Don't-Miss Car tech Stories
In this video report, we meet Farasis Energy, which makes lithium ion batteries for electric vehicles.
When your car's connected, the first step with any road trip is not to fill up with gas. It’s to sit down at a computer and fire up your browser. Infiniti Connection service lets you create a detailed itinerary and upload it to your car.
If you're going to buy the Chrysler 200C, don't buy it for the lane-keeping technology, which isn't precise enough to instill any confidence.
Automotive Grade Linux aims to be an open source platform that car companies can build on to create in-car embedded systems.
Smartphone apps designed specifically to work with cars promise to make the whole phone-car relationship a lot safer. But phones and cars aren't really designed to work together, and it shows in how early apps work.
A simple Bluetooth connection and a big, easy 8.4-inch touchscreen show how safer phone features are working their way into more affordable cars like the Dart GT.
Much of the work QNX does on software for your car is out of sight -- and most likely, out of mind. Still, it's worth paying attention to the company's latest announcements to get a sense of where future in-car infotainment systems are headed.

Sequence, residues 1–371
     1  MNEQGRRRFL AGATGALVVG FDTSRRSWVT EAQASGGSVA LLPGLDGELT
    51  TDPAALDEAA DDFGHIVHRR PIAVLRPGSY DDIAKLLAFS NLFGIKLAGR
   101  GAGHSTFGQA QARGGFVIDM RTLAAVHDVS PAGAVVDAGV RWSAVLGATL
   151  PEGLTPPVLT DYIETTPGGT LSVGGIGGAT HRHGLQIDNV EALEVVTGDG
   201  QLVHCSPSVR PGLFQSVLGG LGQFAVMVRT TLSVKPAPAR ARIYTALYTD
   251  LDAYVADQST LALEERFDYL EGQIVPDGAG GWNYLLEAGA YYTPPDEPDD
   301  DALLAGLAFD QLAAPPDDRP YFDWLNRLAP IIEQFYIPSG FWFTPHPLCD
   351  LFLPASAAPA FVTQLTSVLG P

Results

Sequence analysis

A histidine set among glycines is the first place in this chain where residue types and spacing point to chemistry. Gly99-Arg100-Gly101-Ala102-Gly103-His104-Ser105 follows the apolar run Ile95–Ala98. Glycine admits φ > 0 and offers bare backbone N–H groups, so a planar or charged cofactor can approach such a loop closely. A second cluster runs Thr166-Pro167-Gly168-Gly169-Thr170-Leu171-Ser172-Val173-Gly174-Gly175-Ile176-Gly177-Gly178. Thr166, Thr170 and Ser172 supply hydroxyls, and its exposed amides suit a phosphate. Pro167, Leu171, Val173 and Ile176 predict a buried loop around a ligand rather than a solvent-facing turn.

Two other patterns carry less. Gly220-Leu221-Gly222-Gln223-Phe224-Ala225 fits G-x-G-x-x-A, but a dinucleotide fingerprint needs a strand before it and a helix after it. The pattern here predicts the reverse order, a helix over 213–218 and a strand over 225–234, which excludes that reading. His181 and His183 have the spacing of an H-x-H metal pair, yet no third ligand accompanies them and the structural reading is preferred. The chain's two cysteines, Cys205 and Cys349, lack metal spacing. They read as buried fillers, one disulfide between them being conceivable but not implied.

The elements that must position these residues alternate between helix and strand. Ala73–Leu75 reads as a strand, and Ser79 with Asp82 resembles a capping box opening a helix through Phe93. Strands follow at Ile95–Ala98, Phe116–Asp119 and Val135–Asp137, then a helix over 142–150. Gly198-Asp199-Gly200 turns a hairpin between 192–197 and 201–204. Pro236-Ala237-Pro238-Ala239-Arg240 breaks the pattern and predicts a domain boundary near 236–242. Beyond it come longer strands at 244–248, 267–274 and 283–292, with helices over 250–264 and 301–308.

Google unleashed a torrent of fresh features and products and its annual I/O keynote. Here's a round-up of all the news and new platforms.
In a demo cockpit at Google I/O, the company demonstrated how your Android phone could provide calendar, contact and road-trip data to improve your daily drive—and make it a lot safer.
Intel showed off a wealth of future technology this week, from laptops with integrated depth cameras, (hackable) connected cars, and even solar-power solutions.
The great American motorcycle company steps into the future with a prototype model that could legitimize--and possibly overtake--the fledgling all-electric movement.
The Netherlands wants to be a front-runner of self-driving cars in Europe
Stumped as to what to get dad this father's day? Turn to the garage for inspiration.
Tesla CEO Elon Musk thinks the world needs more EVs, so he's letting anyone use his company's technology 'in good faith' to promote that goal.
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